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Special cases of ONE used with nouns

Close up of keys
Ray via Flickr
There are some special cases when we use ONE with nouns.

We don't use one after a noun used like an adjective. In the example below, the word "house" (a noun) is used like an adjective to talk about the key.

  • I thought I lost my house key, but actually it was the car key. (not "car one")

We use one with "my", "your" etc. in casual speech, but in formal English we use "mine", "yours" etc. Compare:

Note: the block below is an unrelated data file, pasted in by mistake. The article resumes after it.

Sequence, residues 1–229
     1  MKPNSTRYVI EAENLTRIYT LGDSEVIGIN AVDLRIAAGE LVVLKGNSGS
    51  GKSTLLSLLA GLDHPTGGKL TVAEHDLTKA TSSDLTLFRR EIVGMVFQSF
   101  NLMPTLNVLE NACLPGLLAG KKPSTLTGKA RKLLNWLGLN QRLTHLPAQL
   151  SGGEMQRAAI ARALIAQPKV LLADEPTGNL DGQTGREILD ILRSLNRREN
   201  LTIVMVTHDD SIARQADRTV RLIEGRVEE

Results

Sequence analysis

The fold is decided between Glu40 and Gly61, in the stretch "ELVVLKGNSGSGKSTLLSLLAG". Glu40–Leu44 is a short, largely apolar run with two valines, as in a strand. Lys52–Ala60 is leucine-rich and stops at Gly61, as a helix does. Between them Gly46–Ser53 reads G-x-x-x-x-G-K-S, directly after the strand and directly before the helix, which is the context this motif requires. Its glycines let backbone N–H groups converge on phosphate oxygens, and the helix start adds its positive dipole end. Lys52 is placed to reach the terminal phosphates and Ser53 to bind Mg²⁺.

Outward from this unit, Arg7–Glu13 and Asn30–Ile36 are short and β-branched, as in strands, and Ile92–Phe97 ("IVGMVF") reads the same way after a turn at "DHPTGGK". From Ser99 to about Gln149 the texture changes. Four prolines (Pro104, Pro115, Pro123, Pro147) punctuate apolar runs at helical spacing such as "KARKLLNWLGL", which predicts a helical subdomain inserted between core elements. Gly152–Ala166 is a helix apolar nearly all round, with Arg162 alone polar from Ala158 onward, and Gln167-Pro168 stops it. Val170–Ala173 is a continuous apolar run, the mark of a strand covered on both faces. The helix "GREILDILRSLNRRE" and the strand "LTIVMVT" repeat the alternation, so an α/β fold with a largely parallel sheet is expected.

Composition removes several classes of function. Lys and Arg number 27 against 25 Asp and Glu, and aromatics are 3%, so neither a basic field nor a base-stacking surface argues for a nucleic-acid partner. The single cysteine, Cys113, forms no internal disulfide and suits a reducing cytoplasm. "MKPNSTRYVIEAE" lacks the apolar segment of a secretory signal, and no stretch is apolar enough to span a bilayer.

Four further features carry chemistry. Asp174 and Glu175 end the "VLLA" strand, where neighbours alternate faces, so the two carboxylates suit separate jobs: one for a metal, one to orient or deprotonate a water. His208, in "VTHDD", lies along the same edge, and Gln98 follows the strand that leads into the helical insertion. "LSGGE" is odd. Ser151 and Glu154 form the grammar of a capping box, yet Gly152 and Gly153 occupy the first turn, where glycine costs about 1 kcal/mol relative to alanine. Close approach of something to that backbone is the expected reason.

1. I bought a bag just like your one. [casual]
  2. I bought a bag just like yours. [formal]

Usually, you should not use ones to refer to people, however we do use ones in comparative sentences:

  • Taller players make better attackers than shorter ones

We also use ones in some set phrases that talk about people:

  • your loved ones; and
  • He was one of the lucky ones.
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